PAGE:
A team of Russian scientists, led by Dr. Vladimir Gvozdev (Russian Academy of Sciences) reports on a novel link between RNAi and telomere maintenance in the Drosophila germline. Unlike most eukaryotes, which use the enzyme telomerase to lengthen their chromosome ends, Drosophila telomeres are maintained by specialized telomeric retrotransposons (Het-A, TART and TAHRE) that are attached, or transposed, onto chromosome ends.
Dr. Gvozdev and colleagues have discovered that two known components of the Drosophila RNAi machinery regulate the transposition of these telomeric retrotransposons. The researchers show that mutations in either spindle-E (an RNA helicase) or aubergine (an Argonaute family member) cause an increased frequency of telomere element transposition onto broken chromosome ends in ovary cells.
"Our data highlight the regulatory role of an RNAi-based mechanism, earlier considered as a defense system against retrotransposon and virus expansion, in telomere maintenance," explains Prof. V. Gvozdev. Dr. Kalmykova, first author on the paper, also points out that "We suggest that RNAi-mediated regulation of telomere dynamics in the germline may be a general phenomenon in distinct organisms, because all known telomeres include repetitive elements, a potential target of RNAi."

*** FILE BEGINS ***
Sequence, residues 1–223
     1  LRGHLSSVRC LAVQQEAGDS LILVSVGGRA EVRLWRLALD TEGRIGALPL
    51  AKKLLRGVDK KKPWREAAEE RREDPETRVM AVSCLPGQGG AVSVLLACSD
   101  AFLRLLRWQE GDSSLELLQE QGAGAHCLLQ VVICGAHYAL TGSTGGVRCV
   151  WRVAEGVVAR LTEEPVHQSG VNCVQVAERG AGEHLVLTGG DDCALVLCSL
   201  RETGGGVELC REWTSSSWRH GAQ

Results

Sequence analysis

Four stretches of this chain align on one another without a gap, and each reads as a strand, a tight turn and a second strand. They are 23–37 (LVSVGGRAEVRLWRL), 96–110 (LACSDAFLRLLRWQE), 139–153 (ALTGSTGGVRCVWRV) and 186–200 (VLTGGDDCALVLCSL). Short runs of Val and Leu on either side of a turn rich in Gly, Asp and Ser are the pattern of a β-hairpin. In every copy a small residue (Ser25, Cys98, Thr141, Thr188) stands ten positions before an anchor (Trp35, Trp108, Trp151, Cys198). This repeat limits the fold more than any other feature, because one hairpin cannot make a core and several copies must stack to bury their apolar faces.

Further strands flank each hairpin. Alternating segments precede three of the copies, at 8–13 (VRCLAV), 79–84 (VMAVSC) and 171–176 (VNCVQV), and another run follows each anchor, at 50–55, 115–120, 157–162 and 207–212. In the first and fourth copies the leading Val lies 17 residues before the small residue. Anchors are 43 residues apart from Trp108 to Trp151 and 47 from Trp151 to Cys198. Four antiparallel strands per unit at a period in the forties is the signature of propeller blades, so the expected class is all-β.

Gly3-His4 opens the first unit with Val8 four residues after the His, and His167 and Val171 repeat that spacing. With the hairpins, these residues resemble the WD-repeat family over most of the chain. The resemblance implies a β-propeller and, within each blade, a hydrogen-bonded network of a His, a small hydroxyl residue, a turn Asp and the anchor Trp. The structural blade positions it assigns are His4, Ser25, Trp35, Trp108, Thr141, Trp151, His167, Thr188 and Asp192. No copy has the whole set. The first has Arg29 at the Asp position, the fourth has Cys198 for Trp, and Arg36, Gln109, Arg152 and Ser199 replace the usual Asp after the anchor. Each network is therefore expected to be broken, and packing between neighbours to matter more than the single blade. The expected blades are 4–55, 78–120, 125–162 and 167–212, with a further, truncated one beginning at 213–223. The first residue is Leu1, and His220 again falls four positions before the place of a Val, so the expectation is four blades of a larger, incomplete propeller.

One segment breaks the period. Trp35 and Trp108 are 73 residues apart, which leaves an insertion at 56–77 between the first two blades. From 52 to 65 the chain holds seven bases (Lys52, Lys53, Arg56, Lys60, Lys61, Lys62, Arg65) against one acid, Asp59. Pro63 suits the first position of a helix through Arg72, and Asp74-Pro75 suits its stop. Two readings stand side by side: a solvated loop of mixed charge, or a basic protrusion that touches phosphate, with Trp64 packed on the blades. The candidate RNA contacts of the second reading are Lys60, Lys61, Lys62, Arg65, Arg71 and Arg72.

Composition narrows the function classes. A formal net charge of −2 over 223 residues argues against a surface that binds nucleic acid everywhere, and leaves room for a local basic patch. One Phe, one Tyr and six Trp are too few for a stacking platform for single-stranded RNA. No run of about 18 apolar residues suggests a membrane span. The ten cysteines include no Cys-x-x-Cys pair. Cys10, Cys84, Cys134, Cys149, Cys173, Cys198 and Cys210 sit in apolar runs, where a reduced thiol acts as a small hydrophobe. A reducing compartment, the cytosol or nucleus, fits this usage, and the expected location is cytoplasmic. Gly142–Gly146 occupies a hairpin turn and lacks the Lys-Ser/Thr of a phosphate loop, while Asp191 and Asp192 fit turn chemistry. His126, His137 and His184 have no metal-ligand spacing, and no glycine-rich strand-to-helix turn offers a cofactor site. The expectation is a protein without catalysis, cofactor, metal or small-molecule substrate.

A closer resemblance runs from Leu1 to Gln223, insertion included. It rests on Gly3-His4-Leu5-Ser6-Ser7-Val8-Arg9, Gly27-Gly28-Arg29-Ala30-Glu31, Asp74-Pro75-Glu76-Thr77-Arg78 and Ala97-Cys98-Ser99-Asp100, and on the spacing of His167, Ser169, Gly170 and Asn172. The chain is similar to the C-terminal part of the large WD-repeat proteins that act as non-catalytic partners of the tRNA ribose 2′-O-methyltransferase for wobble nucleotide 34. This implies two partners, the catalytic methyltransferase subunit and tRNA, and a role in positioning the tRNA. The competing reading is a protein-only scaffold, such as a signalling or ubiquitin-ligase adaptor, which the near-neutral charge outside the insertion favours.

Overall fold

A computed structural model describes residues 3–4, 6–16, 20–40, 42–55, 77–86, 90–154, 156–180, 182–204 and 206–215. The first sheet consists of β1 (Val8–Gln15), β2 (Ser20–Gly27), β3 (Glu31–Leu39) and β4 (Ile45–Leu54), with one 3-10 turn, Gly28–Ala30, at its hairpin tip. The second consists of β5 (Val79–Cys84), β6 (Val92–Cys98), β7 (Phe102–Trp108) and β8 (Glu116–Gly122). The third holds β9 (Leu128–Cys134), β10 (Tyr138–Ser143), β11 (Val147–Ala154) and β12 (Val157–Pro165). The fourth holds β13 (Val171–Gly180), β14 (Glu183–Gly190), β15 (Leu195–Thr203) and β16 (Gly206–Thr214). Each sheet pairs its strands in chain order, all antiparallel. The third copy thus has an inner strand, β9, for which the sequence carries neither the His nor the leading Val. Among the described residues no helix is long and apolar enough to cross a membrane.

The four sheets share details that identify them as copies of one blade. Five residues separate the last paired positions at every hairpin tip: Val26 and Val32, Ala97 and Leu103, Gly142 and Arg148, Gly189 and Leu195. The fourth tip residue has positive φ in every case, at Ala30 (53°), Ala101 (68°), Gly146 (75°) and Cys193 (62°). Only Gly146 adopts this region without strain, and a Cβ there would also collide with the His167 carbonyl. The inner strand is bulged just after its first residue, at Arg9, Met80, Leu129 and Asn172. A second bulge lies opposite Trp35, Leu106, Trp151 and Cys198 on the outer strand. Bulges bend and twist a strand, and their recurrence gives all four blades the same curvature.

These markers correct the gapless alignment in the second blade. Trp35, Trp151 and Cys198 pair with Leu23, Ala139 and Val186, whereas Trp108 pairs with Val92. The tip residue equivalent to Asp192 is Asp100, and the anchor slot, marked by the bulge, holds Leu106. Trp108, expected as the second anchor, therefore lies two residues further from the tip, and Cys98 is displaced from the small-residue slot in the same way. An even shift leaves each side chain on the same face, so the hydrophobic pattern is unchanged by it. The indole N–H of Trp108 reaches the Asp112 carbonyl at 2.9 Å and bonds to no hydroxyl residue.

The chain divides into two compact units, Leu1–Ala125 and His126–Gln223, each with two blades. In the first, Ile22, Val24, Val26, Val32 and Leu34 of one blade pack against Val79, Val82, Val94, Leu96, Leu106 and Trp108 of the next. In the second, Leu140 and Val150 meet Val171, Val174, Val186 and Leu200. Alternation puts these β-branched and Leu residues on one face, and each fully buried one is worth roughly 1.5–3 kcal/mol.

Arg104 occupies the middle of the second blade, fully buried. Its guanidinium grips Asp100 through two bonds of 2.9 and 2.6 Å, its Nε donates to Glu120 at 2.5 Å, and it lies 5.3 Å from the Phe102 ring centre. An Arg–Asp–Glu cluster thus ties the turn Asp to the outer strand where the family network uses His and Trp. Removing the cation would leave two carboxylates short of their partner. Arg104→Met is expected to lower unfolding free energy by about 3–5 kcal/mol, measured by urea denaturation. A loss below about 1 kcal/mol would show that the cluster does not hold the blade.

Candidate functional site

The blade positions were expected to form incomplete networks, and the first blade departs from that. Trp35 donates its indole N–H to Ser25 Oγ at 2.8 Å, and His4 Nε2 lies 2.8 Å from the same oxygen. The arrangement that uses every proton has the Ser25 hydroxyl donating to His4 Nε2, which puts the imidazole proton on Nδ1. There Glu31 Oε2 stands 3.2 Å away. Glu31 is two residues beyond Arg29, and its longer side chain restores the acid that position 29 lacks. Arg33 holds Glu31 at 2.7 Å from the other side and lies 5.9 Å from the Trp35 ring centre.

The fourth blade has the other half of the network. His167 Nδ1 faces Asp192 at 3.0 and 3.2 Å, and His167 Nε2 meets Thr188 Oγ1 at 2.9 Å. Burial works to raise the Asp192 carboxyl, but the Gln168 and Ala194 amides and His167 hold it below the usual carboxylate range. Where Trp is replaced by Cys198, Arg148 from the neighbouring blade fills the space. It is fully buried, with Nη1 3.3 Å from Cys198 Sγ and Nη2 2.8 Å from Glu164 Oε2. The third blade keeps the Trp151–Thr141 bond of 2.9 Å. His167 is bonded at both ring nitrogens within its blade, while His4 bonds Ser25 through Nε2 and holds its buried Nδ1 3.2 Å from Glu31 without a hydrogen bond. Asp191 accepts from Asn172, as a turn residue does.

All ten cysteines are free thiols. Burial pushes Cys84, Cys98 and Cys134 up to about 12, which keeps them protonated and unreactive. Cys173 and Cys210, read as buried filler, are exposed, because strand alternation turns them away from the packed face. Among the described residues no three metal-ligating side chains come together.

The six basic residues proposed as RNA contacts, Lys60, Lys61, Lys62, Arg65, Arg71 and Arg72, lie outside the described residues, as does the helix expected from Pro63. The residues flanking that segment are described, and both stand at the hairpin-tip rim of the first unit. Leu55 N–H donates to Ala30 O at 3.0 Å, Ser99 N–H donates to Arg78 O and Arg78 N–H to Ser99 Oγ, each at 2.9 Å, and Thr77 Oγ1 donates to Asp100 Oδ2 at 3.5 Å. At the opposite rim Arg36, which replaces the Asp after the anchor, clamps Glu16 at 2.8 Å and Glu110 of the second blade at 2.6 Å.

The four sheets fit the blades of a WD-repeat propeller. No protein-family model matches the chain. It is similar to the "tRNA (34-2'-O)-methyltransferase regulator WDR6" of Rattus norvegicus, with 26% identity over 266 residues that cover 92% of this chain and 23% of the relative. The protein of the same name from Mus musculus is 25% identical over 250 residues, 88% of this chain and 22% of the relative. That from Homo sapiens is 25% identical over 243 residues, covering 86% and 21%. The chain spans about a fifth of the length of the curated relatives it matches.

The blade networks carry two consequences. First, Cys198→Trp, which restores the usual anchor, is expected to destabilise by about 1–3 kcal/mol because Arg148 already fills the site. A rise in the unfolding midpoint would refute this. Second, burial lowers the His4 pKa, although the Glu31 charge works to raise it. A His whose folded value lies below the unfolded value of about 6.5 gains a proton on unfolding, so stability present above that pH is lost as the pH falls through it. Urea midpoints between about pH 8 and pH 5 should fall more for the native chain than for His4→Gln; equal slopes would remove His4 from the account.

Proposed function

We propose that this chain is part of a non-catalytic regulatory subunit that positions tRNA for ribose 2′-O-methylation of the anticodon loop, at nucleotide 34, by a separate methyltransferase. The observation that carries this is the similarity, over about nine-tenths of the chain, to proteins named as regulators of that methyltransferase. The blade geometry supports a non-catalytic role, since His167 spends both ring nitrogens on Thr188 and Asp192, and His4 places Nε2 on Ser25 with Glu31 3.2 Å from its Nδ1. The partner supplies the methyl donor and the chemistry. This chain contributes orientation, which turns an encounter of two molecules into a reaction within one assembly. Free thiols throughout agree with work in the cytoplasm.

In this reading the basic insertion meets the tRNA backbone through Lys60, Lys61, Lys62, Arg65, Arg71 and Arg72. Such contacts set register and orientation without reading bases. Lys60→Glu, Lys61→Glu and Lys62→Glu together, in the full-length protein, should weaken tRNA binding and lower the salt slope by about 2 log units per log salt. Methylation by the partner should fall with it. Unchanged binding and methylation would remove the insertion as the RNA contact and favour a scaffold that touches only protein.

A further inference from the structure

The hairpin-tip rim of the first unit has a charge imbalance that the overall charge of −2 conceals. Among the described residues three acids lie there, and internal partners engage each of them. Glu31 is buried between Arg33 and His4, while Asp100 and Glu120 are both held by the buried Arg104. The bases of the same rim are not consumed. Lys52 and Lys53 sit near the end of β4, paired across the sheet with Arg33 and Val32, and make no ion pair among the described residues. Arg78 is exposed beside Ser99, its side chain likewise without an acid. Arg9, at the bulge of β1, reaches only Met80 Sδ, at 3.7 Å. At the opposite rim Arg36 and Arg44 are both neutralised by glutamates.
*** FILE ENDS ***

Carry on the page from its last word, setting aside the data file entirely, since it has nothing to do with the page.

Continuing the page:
Heather Cosel | EurekAlert!
Immune Defense Without Collateral Damage
23.01.2017 | Universität Basel
The interactome of infected neural cells reveals new therapeutic targets for Zika
23.01.2017 | D'Or Institute for Research and Education
For the first time ever, a cloud of ultra-cold atoms has been successfully created in space on board of a sounding rocket. The MAIUS mission demonstrates that quantum optical sensors can be operated even in harsh environments like space – a prerequi-site for finding answers to the most challenging questions of fundamental physics and an important innovation driver for everyday applications.
According to Albert Einstein's Equivalence Principle, all bodies are accelerated at the same rate by the Earth's gravity, regardless of their properties. This...
An important step towards a completely new experimental access to quantum physics has been made at University of Konstanz. The team of scientists headed by...
Yersiniae cause severe intestinal infections. Studies using Yersinia pseudotuberculosis as a model organism aim to elucidate the infection mechanisms of these...
Researchers from the University of Hamburg in Germany, in collaboration with colleagues from the University of Aarhus in Denmark, have synthesized a new superconducting material by growing a few layers of an antiferromagnetic transition-metal chalcogenide on a bismuth-based topological insulator, both being non-superconducting materials.
While superconductivity and magnetism are generally believed to be mutually exclusive, surprisingly, in this new material, superconducting correlations...
Laser-driving of semimetals allows creating novel quasiparticle states within condensed matter systems and switching between different states on ultrafast time scales
Studying properties of fundamental particles in condensed matter systems is a promising approach to quantum field theory. Quasiparticles offer the opportunity...
19.01.2017 | Event News
10.01.2017 | Event News
09.01.2017 | Event News
23.01.2017 | Health and Medicine
23.01.2017 | Physics and Astronomy
23.01.2017 | Process Engineering